Every year, there are a number of battles a teacher and/or homeschooling parent is going to face. It’s just part of the job and experience tells a teacher that winning is essential. It is important to know that these battles are normal, seasonal, and expected.
Battle #1: Biting off more than you can chew/Can I really do this?
In August, especially if it’s a new grade level, it is tempting to feel overly optimistic. Like, “this year is going to be so great, we are going to accomplish so much!” And then when reality sets in, it can be really hard to swallow. Also, many teachers (possibly many adults in general) suffer from “imposter syndrome”. When I first started teaching I used to think that a “grown up” was going to come into my classroom and order me out, insisting I needed supervision. I didn’t feel qualified even though I absolutely am qualified. In August, imposter syndrome can be a monkey on the back of many teachers – homeschooling teachers included.
Battle #2: Who is leading whom?
There is an old joke in teaching that goes, “Don’t smile until Christmas.” Basically, setting up expectations and discipline that is reasonable, expected by the students, and that the teacher in control of is the first classroom battle many teachers face. Because every class is different, this looks different every darn year. Just when you think you’ve got it down, a new year comes and it’s like starting from scratch.
The same is true in homeschooling. Seasons come and go, your children reach new levels of discipline and ability. You have to rewrite the book on how to get through to your child. A couple of things that have consistently worked for me:
- Posture yourself as being on the same team. This means avoid (when possible) nagging and yelling. This means that you are positive and encouraging even when you feel like you are failing. You are the glue that holds a classroom together, you are the leader of the ship, if they go down – you are going down. So make sure you lead them well.
- Connect before you discipline. It is tempting to deal with whatever issue is causing grief, but before you do, connect with the students. Look them in the eye, be sad and then be consistent. Be compassionate. Think of what would work for you when you are in a funk, or you’ve messed up and painted yourself into a corner.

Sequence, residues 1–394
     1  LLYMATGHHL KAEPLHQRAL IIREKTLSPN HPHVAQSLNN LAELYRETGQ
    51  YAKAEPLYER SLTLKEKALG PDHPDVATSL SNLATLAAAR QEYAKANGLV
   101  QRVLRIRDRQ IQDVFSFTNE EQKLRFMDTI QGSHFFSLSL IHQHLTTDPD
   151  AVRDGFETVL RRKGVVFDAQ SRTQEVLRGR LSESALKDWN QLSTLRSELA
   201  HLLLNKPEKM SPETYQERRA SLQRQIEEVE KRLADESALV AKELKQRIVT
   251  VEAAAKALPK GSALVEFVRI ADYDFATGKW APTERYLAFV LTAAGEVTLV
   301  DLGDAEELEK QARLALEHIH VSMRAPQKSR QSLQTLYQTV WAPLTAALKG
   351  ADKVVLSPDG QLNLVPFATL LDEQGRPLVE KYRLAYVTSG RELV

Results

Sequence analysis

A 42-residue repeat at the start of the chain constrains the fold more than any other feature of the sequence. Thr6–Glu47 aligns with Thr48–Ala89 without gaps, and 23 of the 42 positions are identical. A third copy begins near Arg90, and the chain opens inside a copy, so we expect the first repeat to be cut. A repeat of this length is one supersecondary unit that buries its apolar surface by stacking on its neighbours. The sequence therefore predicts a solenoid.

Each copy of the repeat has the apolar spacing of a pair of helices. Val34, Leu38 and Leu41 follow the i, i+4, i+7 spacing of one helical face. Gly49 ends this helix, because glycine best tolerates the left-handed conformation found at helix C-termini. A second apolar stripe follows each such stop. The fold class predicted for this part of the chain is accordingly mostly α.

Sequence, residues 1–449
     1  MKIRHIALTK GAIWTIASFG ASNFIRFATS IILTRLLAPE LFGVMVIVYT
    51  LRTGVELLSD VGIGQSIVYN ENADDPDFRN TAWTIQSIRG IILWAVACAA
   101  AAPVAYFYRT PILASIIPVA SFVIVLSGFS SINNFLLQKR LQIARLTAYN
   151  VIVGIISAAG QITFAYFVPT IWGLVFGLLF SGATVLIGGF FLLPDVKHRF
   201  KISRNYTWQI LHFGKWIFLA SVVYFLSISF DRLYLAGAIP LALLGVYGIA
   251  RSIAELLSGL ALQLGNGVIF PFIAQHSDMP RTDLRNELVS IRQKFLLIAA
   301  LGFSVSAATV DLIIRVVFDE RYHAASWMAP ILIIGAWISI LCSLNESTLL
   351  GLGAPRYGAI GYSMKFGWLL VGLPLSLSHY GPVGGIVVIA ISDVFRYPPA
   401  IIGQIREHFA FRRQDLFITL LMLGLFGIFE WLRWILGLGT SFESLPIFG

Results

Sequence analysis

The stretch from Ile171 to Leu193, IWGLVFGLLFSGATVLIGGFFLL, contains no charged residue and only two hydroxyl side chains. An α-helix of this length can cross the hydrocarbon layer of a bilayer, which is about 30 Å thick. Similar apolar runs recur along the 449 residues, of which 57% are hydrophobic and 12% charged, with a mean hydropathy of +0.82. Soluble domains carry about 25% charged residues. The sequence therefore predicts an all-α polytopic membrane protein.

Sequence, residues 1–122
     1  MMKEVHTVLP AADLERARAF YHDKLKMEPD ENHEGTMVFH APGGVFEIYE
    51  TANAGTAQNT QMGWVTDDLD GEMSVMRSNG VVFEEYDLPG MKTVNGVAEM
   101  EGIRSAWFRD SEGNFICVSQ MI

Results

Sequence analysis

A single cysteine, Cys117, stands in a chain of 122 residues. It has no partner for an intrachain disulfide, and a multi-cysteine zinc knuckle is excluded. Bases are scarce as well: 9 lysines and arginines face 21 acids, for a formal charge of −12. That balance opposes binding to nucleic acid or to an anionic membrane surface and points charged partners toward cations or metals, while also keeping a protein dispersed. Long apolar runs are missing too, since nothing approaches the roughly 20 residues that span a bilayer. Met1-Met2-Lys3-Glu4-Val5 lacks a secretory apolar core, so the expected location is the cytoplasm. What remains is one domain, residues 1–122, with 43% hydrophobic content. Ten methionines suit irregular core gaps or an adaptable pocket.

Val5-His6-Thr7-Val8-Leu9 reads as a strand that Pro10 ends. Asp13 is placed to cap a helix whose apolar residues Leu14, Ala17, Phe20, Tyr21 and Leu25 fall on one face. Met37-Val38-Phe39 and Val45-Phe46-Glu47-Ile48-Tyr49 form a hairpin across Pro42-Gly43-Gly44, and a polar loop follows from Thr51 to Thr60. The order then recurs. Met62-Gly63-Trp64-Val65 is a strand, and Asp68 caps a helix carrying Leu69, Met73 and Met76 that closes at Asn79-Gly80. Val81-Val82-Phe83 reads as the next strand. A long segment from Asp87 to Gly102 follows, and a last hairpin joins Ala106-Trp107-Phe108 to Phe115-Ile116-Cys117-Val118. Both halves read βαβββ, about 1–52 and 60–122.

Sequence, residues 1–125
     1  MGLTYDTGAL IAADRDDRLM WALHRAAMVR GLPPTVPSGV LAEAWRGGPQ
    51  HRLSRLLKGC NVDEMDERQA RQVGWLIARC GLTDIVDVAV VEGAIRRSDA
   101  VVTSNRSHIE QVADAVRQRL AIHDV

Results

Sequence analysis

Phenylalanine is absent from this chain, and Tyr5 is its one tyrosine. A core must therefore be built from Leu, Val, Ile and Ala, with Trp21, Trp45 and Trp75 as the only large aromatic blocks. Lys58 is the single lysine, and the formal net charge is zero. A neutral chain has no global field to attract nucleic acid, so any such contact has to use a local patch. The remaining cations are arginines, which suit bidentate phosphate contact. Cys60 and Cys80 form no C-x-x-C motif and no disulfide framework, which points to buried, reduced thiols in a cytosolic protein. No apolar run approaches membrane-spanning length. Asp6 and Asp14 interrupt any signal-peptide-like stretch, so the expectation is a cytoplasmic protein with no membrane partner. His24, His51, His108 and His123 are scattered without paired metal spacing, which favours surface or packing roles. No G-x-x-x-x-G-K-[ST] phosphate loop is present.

- Whenever you can, show mercy. Nothing will get the ball rolling in the right direction like a little mercy when you can. If you have the ability to say yes and forgive, grab it with both hands. It is a uniting power and it can help establish your authority as much as carrying out disciplinary action.
Battle #3: The end is nigh and we are tired.
When I do my long range plans in school, I count how many weeks in each section. How many weeks from September to Thanksgiving? Thanksgiving to Christmas? January to March break? March break to the end of the school year?
It tends to play out that it’s usually about 6-8 weeks from September to Thanksgiving, another 8 from thanksgiving to Christmas, about 9-10 from January to March break, and 11-12 from March break to summer vacation. That last stretch – it is the last leg of a marathon and everyone is done. Summer is in the air and you are counting the days.
When you’re homeschooling, maybe you end early, maybe you school through the summer, maybe you have a plan, maybe you don’t. But if you are sensing that you and your kids are tired, maybe it’s time for a break.
Take a week or two (or more) off can be a sound way to get back to it feeling refreshed and happy.
Battle #4: But I didn’t finish everything I had planned.
This one can be hard to own, especially if you’re homeschooling- you are the one in charge. You lay out the plans, you execute them. Welcome to being a grown up – I’m sorry it sucks. There have been years (particularly near the beginning) when I don’t get nearly as far as I would like, where whole math units fall off the cliff of June. I reflect, I adjust, I do better next year. Rushing, walking around feeling guilty, justifying it as ok – not helpful. Learn, do better. Plan ahead.
Battle #5: the Battle of the Wills
Whether it’s the drooped shoulders, talking back, poorly done work, straight up defiance – at some point, you’re going to find yourself in a power struggle with your students. There’s a time to win and there’s a time to call it quits. As a classroom teacher, I would ask myself if I had the support of the parents, if I think I can win them back, if I think this student and I have a relationship that can lead to recovering from a battle of the wills. Do they need to learn about authority from me? Will this lesson help them or hurt them?
When it’s your own kid, the same questions apply and there are many factors that make it important for you to know when to pick this battle and when to let it go. Are they tired? Are they old enough to understand? Have you connected with them well enough? Do they trust that you have their best interest at heart? And so on.
When you have concluded that an assertion of authority is needed, that there is a battle of the wills happening and you need to win, that defiance is growing in the garden of their heart like an invasive weed – that’s when the hardest work happens. Being rock solid consistent, controlling your temper, winning them over with kindness and asserting your God-given authority with love is hard. Like really, really hard, but that’s parenting, right? Bad news: that’s teaching too.
When you’re a homeschooling parent, be ready to get your game face on, because you will be dealing with these battles at various points through the year. Being ready for them and expecting them can take the sting out of these battles. You aren’t alone, and it’s worth it.
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